|Thursday, 18 January 2018|
Athens News Agency: News in English, 09-01-27
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From: The Athens News Agency at <http://www.ana.gr/>
 PM chairs Cabinet meeting on energyPrime minister Costas Karamanlis on Tuesday chaired an Inner Cabinet meeting that focused on energy issues.
Speaking to reporters after the meeting, Development Minister Kostis Hatzidakis said that energy was a very important issue as it concerned our everyday lives and investments and the creation of new jobs, but also the country's geo-strategic position and the environment.
He noted that the latest natural gas crisis had proven that Greece was protected, adding that this was the result of the government's planning.
"However, we are not complacent and are continuing to proceed on the basis of that plan," the minister continued, elaborating that the plans for the South Stream and the Burgas-Alexandroupolis pipelines were progressing smoothly, enhancing Greece's geo-strategic position.
Regarding Greece's energy sufficiency, he said there was no cause for worry, noting that new units have been placed in operation this year by both the Public Power Corporation and private investors.
The issue occupying the government was the smooth operation of the market with respect to competition, particularly in the field of petrol products, Hatzidakis said.
Regarding a recent decision by the Competition Committee, Hatzidakis said that the government was in contact with all involved in the oil products sector, adding that it was prepared, in a short time, to take specific measures for the smooth operation of the market, competition and the protection of consumers.
Hatzidakis further stressed that the government attributed great importance to renewable energy sources, noting that the capacity of installed renewable energy sources had been forecast to triple by 2008. The fact that the country had currently exceeded 1,400 megawatt from an initial 450 megawatt reflected the importance placed on this by his predecessors at the ministry, he added, promising to continue in the same direction and try to accelerate the pace.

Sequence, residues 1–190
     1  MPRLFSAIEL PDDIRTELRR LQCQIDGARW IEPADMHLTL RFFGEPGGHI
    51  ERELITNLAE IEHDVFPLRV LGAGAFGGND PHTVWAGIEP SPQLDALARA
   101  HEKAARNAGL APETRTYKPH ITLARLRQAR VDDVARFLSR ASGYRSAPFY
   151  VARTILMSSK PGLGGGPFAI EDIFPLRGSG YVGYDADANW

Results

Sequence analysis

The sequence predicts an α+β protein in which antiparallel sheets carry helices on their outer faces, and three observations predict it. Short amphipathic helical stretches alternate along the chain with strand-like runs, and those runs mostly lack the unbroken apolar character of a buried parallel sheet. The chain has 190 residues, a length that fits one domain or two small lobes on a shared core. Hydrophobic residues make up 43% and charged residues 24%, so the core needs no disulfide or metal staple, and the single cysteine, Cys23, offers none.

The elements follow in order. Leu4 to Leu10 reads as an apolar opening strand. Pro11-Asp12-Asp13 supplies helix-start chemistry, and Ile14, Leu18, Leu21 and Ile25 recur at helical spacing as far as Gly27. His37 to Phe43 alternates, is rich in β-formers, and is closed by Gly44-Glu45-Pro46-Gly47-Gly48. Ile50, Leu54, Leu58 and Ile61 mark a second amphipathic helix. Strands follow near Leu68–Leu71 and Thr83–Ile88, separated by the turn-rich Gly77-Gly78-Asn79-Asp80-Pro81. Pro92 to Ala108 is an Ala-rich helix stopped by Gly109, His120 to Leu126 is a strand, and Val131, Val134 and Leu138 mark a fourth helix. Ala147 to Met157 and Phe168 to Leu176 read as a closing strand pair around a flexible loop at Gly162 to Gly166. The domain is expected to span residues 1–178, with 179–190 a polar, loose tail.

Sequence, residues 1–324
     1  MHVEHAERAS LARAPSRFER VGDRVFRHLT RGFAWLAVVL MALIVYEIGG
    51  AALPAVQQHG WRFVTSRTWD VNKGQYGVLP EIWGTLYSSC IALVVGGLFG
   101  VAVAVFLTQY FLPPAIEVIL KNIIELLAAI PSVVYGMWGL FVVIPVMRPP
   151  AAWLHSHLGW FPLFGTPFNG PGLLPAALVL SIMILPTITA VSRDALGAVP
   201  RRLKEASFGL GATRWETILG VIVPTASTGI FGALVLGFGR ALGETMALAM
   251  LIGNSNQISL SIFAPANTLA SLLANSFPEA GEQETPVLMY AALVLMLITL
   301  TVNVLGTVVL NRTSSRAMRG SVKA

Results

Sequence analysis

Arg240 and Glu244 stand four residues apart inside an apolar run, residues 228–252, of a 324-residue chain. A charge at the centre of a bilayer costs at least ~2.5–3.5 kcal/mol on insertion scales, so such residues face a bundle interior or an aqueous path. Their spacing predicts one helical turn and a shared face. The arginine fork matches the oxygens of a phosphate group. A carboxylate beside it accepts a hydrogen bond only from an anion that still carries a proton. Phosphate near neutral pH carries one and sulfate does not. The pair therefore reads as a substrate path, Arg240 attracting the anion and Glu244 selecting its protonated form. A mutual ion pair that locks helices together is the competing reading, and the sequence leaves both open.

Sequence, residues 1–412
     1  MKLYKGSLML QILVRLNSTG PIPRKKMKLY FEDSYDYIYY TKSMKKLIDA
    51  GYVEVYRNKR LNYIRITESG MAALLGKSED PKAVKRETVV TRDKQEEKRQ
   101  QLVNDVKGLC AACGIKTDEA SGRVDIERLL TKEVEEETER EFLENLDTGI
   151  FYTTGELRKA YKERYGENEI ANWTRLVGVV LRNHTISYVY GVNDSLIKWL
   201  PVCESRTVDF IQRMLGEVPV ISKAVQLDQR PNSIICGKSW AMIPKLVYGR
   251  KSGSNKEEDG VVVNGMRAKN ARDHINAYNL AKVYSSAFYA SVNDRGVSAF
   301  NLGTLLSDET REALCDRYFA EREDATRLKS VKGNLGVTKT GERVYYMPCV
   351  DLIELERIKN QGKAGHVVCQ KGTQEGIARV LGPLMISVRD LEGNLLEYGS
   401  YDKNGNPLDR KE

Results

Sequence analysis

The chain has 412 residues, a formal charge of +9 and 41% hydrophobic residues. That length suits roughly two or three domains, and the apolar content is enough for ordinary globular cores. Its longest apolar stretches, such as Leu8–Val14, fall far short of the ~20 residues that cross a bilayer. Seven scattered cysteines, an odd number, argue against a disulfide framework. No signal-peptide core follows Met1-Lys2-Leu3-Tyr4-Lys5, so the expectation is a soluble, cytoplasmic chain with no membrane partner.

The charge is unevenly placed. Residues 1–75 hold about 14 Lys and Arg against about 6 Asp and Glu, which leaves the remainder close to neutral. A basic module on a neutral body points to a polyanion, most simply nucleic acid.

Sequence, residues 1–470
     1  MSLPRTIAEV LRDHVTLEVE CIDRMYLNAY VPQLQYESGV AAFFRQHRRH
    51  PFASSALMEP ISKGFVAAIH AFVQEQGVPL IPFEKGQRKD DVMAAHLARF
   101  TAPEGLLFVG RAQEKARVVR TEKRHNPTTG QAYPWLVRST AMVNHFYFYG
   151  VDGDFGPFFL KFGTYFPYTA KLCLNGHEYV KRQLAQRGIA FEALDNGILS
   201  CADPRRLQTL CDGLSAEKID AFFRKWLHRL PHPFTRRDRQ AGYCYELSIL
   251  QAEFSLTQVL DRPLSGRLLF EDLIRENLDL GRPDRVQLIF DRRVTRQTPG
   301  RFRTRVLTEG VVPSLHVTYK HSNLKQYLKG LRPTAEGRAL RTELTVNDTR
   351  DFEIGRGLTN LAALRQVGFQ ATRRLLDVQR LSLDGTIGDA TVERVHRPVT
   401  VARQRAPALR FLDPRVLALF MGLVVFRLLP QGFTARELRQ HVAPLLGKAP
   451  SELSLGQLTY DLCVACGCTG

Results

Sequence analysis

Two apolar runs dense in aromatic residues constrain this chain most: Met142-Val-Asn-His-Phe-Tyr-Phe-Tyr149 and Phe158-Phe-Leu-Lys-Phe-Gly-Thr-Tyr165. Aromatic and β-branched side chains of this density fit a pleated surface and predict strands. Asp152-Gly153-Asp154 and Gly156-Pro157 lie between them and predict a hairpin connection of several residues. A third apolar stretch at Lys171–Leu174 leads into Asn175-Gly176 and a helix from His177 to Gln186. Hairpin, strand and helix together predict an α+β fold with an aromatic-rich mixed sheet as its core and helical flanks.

He said that the government wanted 2009 to be the year of renewable energy sources, adding that "this is our duty to the younger generations of Greece, as it has to do directly with protection of the environment as well".
Caption: ANA-MPA file photograph of Prime Minister Costas Karamanlis
 PASOK accuses gov't of 'secret' borrowingMain opposition PASOK on Tuesday called on the government to "stop handling the economic crisis by using communications terms and announcing fragmentary measures," and accused it of sabotaging the country's developmental reserves by resorting to secret and hugely expensive borrowing.
During a Tuesday press conference, the party's spokesperson for economic issues, Louka Katseli, called for greater transparency in the management of state funds and said the government had an obligation to Greek voters to submit the Stability and Development Plan to Parliament's Economic Affairs Committee before it was sent to the European Commission.
According to Katseli, the government should also revise the 2009 budget and release information on planned borrowing requirements of the Greek State.
Commenting on road blocks set up by protesting farmers, PASOK spokesman George Papaconstantinou said that the main opposition was not in favour of blocking roads but noted that there was "a democracy" in the action taken by farmers over the past weeks.
"There are farmers who make decisions through their collective representation. We respect this autonomy," he said, adding that farmers "had nothing to expect from this government".
"They cannot expect a solution to their short-term problems and they cannot expect any vision or programme about where Greek agriculture is going," he said.
Questioned about PASOK's stance on an issue raised by ruling New Democracy, which called for the support of current President Karolos Papoulias for a second term in office, Papaconstantinou noted that "this was not an issue at present".
"Our position is known and clear: respect for the person of the president and decisions based on the interests of the country. And I will leave it at that," he told reporters, suggesting that the government was raising this issue for obvious reasons.
"Let the government do its work and be judged by the Greek people. We are sure that general elections will be held long before the presidential election takes place," he added.
 Ecumenical Patriarch appears on Turkish TV show on GazaIstanbul (ANA-MPA / A. Kourkoulas) -- "What happened in Gaza is upsetting and embarrassing for the human race," Ecumenical Patriarch Bartholomew I stressed, speaking on Turkish television channel TRT1 during a relief campaign programme for the victims of the Israeli attack. "The fact that most of the dead were children, women and old people is incomprehensible," he stressed, adding that "we are saddened because fellow human beings suffer such pains" while pointing out that "only love can eliminate wars from the surface of the earth". The Ecumenical Patriarch stressed that Jews, Christians and Muslims should help the suffering Palestinian people by offering them material and spiritual assistance.